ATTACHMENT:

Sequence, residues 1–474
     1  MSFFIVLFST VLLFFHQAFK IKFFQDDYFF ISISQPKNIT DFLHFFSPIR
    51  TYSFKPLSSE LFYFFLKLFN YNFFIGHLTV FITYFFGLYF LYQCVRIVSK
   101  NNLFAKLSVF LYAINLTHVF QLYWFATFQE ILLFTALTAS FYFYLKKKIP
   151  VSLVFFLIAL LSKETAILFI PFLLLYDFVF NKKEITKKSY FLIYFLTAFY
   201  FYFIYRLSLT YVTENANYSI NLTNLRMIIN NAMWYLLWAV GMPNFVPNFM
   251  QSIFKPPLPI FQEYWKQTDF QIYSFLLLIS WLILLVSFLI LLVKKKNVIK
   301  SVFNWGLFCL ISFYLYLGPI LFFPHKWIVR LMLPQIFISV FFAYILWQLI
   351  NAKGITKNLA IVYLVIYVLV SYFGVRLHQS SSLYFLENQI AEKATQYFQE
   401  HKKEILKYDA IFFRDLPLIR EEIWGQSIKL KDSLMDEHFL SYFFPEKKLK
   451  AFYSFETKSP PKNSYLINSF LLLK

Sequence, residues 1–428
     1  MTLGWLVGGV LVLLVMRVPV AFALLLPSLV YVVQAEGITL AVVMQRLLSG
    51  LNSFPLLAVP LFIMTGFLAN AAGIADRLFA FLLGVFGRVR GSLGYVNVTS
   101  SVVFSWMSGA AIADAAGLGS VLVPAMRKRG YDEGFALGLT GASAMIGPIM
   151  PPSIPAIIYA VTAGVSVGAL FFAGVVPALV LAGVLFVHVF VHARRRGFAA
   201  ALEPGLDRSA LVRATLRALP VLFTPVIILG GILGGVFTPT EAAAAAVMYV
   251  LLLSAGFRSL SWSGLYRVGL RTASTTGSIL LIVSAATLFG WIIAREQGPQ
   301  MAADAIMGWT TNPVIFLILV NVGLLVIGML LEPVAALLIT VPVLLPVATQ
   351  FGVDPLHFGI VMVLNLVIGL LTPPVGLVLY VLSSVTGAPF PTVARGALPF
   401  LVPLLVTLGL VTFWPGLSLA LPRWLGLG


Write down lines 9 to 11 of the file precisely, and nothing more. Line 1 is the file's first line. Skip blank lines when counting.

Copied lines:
   351  NAKGITKNLA IVYLVIYVLV SYFGVRLHQS SSLYFLENQI AEKATQYFQE
   401  HKKEILKYDA IFFRDLPLIR EEIWGQSIKL KDSLMDEHFL SYFFPEKKLK
   451  AFYSFETKSP PKNSYLINSF LLLK